Dawgs with dogs

UGA students raise guide dogs in training

Dawgs with dogs


It’s a Sunday evening in November, and two dogs are playing in a parking lot. Fey is a 9-month-old black Labrador retriever, and Yukon is a 9-month-old yellow Lab.

“Fey domination! Go Fey go!” says senior Sonja Price, who’s holding Fey’s leash.

“Yukon’s like, ‘I’m about to get this,’” replies junior Ashleigh McCollum, who has his leash.

Playtime finished, they walk toward downtown Athens with Sarah Hooper (BSA ’10) and Mica, a 2-month-old collie.

“Find the stairs,” Price says to Fey. “Good girl. Sit. Good girl.”

“Yukon. Yukon, find the stairs,” McCollum says. After several tries Yukon approaches the stairs, where he sits and waits.

“Find the stairs” is an unusual command, but Yukon is not the average dog—he’s a guide dog in training. So are Fey and Mica. The dogs are spending the first year of their lives in Athens, then they’ll head to New York and the Guide Dog Foundation, where they’ll undergo intensive training before being placed with a visually impaired person. Yukon, Fey and Mica are special, but not uncommon in Athens. There are roughly 85 guide dogs in training in the area, and the majority of the more than 100 trainers—known as puppy walkers—are UGA students.

On a Sunday afternoon in January, Sarah Hooper answers her cell.

“Did we get it sorted out?” Hooper asks calmly. “Within the hour we need to get charcoal in the dog.”

A dozen dogs and puppy walkers wait patiently in the lobby of UGA’s Tate Student Center. Satisfied that the dog—who ate extra strength Sudafed—is getting the proper care, Hooper encourages the group to act quickly if a dog eats something inappropriate.

“Time is our big enemy,” says Hooper, a student at UGA’s College of Veterinary Medicine.

Hooper is the area coordinator—the leader—of this group. She’s well qualified; she raised her first guide dog at 16. Mica is her 9th dog, so she has a wealth of experience to draw on.

“Alex, do you want to take Mica?” Hooper asks.

Junior Alex Sigmund, an applicant to become a puppy walker, works with Yukon at a meeting in January.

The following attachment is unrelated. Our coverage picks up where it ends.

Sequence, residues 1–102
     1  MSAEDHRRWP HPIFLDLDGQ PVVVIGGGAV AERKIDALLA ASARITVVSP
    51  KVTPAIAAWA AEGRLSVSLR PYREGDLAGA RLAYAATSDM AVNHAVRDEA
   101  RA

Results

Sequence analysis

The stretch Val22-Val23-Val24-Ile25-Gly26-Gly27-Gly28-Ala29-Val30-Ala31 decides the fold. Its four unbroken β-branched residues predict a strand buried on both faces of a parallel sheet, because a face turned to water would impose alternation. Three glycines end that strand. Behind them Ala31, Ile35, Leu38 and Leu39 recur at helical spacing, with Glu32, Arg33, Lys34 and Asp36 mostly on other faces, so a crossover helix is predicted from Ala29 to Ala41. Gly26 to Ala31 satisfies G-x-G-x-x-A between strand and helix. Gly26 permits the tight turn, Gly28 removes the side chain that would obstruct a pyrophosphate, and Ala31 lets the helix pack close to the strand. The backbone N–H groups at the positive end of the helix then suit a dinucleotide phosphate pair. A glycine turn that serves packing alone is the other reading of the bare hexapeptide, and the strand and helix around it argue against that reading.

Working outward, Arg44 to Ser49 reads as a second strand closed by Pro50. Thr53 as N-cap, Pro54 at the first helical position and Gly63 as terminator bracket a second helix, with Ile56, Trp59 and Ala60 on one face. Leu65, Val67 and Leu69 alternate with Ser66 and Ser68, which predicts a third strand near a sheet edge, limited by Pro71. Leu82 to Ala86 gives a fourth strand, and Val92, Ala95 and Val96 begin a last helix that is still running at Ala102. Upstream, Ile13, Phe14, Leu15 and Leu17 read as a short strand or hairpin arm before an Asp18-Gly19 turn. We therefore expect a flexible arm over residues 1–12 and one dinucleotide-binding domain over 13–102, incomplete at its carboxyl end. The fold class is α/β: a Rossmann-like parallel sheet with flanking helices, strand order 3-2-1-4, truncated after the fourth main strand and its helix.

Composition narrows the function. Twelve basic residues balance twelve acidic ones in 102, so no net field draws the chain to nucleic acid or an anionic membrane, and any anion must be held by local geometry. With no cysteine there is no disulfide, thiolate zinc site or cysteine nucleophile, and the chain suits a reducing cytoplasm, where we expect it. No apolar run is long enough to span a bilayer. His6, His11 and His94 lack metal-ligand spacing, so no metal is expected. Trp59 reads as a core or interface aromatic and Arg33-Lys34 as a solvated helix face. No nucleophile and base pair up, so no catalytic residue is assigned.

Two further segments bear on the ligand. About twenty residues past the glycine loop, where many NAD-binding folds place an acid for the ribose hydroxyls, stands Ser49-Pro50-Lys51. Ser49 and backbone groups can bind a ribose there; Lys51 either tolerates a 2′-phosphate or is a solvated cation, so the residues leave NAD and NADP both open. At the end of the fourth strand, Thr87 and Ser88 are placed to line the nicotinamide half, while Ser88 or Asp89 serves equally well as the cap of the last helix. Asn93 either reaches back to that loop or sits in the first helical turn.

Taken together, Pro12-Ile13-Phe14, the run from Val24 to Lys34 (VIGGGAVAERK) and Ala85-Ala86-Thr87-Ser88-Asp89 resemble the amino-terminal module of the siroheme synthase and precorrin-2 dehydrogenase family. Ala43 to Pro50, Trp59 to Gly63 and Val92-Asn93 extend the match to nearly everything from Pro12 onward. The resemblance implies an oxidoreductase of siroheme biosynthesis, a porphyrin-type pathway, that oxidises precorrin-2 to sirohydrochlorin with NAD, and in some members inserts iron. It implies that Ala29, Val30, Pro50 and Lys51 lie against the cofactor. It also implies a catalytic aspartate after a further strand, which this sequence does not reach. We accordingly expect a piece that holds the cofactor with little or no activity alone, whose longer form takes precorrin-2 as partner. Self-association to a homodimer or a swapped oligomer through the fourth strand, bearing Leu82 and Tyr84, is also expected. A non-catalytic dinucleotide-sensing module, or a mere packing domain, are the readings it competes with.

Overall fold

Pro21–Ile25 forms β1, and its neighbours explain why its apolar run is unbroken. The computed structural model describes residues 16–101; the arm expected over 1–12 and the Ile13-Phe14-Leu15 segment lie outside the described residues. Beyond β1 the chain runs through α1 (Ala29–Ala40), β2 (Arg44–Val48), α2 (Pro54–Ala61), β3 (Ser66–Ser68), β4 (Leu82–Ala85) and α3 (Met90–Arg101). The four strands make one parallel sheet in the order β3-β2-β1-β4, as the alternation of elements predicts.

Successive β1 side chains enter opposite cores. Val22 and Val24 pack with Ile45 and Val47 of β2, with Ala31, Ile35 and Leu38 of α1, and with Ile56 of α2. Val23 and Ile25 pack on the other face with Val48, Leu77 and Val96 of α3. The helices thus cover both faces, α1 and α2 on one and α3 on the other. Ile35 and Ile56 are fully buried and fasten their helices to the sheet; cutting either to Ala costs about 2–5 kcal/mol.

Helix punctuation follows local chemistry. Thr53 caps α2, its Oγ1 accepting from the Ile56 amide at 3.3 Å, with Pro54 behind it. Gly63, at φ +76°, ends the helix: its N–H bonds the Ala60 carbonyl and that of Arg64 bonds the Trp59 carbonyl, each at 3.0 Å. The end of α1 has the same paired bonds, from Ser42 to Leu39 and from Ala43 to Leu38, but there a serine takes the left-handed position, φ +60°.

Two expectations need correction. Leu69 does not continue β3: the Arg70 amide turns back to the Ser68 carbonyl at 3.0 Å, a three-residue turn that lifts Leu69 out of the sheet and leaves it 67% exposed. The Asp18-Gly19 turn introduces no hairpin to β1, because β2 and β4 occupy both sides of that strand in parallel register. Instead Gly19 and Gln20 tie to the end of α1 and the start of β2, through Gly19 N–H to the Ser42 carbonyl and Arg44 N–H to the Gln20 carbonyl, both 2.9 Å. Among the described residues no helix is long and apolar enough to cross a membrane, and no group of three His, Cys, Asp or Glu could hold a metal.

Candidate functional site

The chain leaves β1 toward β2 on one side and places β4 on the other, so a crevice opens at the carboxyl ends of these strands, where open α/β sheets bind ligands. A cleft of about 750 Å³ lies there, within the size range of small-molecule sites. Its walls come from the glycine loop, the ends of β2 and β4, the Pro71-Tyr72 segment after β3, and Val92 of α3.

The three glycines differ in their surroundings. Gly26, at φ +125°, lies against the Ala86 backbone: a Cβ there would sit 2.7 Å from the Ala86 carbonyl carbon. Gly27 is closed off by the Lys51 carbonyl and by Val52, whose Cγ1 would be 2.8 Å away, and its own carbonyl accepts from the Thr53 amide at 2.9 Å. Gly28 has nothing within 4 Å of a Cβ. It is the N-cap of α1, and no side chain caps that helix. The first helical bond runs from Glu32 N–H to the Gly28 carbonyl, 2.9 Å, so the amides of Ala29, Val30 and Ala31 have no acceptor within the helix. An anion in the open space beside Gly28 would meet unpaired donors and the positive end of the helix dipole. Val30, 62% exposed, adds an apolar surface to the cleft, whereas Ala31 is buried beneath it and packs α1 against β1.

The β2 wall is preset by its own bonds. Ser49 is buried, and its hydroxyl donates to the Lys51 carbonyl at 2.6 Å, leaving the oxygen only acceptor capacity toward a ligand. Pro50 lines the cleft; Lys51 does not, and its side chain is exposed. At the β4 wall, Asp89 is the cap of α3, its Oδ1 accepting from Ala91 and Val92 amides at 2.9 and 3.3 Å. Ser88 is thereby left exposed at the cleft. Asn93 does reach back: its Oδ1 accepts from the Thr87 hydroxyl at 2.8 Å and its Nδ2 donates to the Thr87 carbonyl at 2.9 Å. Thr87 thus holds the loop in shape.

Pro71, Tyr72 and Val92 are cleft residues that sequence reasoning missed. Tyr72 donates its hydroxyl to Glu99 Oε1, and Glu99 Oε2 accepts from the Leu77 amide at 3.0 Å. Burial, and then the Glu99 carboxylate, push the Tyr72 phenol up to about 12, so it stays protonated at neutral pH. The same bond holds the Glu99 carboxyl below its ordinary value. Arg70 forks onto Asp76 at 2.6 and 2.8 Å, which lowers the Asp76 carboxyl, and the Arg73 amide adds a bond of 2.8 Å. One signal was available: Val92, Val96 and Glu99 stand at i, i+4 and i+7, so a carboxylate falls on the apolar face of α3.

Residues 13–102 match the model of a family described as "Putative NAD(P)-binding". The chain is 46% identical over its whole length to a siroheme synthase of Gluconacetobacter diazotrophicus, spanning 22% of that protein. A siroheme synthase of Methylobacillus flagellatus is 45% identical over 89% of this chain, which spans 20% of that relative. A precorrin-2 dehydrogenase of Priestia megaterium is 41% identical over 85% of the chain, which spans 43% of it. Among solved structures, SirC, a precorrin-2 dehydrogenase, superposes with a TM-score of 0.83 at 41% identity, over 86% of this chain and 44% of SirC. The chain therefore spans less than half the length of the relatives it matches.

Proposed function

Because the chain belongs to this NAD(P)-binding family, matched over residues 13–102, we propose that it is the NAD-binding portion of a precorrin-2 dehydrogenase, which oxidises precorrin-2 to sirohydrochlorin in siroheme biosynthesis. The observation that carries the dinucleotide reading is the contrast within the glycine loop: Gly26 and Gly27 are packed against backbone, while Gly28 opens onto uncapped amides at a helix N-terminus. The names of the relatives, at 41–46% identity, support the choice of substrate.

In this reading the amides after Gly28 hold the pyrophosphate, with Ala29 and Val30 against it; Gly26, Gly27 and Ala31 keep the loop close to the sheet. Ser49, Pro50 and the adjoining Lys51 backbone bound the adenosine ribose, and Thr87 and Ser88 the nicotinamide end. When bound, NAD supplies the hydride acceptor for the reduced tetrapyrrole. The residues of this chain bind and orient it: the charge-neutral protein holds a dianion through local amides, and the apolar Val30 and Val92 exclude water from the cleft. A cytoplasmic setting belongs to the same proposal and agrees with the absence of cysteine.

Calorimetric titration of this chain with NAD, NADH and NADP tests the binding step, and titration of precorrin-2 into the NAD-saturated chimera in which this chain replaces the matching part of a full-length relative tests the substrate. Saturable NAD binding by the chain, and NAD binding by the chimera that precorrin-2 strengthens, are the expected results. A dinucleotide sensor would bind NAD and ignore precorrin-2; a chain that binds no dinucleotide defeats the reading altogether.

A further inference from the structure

Junior Alex Sigmund is one of the latest applicants to become a puppy walker at UGA, a group that started after Hooper enrolled. By the time she was raising her third dog, she was working with the Guide Dog Foundation and Deana Izzo, GDF’s Athens-based Southern field representative. The two wanted to expand, so Hooper began advertising. In five years, the group has grown to include more than 100. They are the largest group with GDF and the only one focused around a college campus.

“The greatest form of advertising is to carry a puppy around the campus,” Izzo says. “The more puppies we had on campus, the more they were seen, the more applications we got.”

Sophomore Alison Bridges stands outside Chuck E. Cheese with Izzy, a 6-month-old collie, on another Sunday in January. Hooper’s puppy walkers are taking turns walking their dogs through the restaurant—a test of the dogs’ ability to function despite loud noises, bright lights and overstimulated kids—but they’ve decided Izzy is not ready.

“That’ll be our Everest,” Bridges says.

Puppy walkers are constantly working to expose their dogs to new people, places and situations without overwhelming them. Although the dogs will receive extensive training at GDF, their first year of life strongly influences their success. Expose a dog to too much, and it may develop a phobia that prevents it from being an effective working dog. Expose a dog to too little, and it may not function well in the variety of environments and situations needed.

“Our puppy walkers can make or break a working dog,” Izzo says.